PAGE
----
Getty opens up (some of) its stock photo vault for free

From engadget:

Whether it’s @HistoryinPics or just an Imgur-hosted picture posted to Reddit, professional photos are being used everywhere on the internet — and usually without payment or credit to the original owner. Getty Images licenses out stock photos (including coverage of sports, news and fashion events) for use by the media (cough), businesses and artists, and now it’s hoping to get some control back, by letting anyone use them for free. Free that is, as long as they’re posted with Getty’s new embed feature which, like the ones we’ve gotten used to onFlickr, YouTube and other internet sites, produces the appropriate HTML to pop the picture in a blog or social media post.

At launch, it’s specifically designed to tie in with sites like WordPress and Tumblr, and on Twitter, links produce a card with the image and information. The pictures won’t be watermarked, but it also links back to and includes attribution for the photographer. It seems like a win-win for everyone, and an admission by Getty that simply trying to paywall access to high quality pics won’t keep them from being posted everywhere anyway. Meanwhile, everyone from casual tweeters to those starting great websites for the next ten years just getting their start can access high quality photos without worrying about scary legal letters or getting their account shut down.

According to CNET, Getty has opened up 35-million images for free use. When you randomly go through images and look for the embed button, though, there seems to be — at least for the moment — more misses than hits. Also, while I don’t mind that clicking on the image directs you to Getty’s site, I’m not crazy about the giant Getty tag under the image. But free is free.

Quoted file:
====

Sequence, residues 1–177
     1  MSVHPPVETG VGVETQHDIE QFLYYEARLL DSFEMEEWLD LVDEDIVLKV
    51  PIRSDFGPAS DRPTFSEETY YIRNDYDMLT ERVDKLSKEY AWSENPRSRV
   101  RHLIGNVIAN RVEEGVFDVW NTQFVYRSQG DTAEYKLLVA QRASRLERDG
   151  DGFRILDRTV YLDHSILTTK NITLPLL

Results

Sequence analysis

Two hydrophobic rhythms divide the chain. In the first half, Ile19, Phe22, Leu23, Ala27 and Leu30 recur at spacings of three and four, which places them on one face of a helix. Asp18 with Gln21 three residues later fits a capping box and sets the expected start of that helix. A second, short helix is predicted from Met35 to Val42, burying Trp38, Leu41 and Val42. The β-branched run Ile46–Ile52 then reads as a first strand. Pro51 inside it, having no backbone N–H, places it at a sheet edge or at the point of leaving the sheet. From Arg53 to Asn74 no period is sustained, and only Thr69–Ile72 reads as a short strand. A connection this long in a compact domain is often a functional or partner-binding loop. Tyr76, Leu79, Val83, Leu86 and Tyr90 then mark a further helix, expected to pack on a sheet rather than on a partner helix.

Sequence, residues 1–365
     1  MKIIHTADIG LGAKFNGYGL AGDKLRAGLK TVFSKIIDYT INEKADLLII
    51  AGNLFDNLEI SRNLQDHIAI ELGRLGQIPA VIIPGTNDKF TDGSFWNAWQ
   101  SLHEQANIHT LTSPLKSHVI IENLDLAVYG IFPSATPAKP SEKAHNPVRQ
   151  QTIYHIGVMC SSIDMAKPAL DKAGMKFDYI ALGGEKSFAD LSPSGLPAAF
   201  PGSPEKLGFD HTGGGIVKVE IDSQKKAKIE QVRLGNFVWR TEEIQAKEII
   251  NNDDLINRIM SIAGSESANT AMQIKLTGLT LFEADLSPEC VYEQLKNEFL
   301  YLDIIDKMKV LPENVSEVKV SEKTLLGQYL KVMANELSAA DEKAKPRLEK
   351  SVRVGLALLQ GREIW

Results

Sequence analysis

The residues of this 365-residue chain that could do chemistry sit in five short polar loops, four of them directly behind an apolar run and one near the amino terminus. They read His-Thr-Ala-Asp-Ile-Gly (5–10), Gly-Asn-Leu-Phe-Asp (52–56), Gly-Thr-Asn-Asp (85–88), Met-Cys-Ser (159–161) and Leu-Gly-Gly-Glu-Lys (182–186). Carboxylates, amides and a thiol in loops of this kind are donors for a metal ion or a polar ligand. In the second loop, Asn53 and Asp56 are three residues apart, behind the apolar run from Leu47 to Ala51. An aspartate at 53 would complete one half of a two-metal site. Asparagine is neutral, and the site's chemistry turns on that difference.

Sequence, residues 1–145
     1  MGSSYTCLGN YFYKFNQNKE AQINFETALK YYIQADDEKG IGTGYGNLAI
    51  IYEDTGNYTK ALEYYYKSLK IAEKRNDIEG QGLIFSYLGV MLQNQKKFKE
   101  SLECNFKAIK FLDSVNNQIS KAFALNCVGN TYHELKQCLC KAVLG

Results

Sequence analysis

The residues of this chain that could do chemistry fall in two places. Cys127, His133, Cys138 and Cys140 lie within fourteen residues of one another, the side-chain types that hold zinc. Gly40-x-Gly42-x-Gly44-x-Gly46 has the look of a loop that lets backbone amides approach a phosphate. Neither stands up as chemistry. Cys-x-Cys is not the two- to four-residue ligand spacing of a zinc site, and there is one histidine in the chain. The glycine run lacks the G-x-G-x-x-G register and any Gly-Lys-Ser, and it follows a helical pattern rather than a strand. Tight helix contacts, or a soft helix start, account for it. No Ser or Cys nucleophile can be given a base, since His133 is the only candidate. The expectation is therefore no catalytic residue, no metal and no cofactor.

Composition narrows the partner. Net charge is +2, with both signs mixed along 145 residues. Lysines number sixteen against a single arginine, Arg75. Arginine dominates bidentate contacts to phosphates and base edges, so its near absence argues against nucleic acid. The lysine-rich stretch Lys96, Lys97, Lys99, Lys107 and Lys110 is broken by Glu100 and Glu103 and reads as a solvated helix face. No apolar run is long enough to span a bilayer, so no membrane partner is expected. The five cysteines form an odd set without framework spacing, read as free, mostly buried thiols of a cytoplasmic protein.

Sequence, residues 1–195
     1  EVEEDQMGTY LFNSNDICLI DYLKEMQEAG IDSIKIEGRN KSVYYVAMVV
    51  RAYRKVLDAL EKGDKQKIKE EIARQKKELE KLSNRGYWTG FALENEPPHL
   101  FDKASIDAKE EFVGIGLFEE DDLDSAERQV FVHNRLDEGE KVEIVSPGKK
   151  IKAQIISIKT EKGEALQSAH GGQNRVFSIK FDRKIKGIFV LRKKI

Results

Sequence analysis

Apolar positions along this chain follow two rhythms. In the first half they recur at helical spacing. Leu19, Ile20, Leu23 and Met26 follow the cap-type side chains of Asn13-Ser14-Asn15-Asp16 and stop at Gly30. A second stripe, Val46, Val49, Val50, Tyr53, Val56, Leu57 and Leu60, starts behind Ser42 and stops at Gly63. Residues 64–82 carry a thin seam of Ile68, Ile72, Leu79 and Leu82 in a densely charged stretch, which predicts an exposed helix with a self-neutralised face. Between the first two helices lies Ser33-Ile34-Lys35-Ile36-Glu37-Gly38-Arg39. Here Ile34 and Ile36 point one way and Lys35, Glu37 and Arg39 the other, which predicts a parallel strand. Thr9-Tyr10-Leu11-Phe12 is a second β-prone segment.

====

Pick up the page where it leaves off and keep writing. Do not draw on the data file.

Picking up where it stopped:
Embed from Getty Images

(That’s was a result in a Getty stock image search for “unimpressed.”)

Did Ray-Ban rip Stanley Cup “riot kissing couple” photo?

I’m a firm believer that most art, and creative ideas, have been done before, to some extent — i.e. even if one has never seen it, it’s likely something similar is floating around in this big bizarro world of ours.

That said, I can’t help but think Ray-Ban’s new ad, which features a couple kissing passionately amid a violent riot, is directly influenced by Rich Lam’s iconic “riot kissing couple” image from last year.

Lam’s photo of Scott Jones comforting his girlfriend Alexandra Thomas, who had been knocked down by riot police during the June 15, 2011, Stanley Cup riot in Vancouver, garnered international attention — as did the couple — and was named by numerous organizations as one of the top photos of the year. It’s pretty much impossible NOT to know about the image. Disclosure: Lam is a good friend, yaddy yadda.

Lam’s only gripe is that he didn’t get free shades. “I bet that photog got a pair!!!!!”


UPDATE: Tara Foslien tells me the photo is being used in a sweater ad in Italy. Yeesh.

Bonus: Lam offered some sage advice in a signed copy of the photo: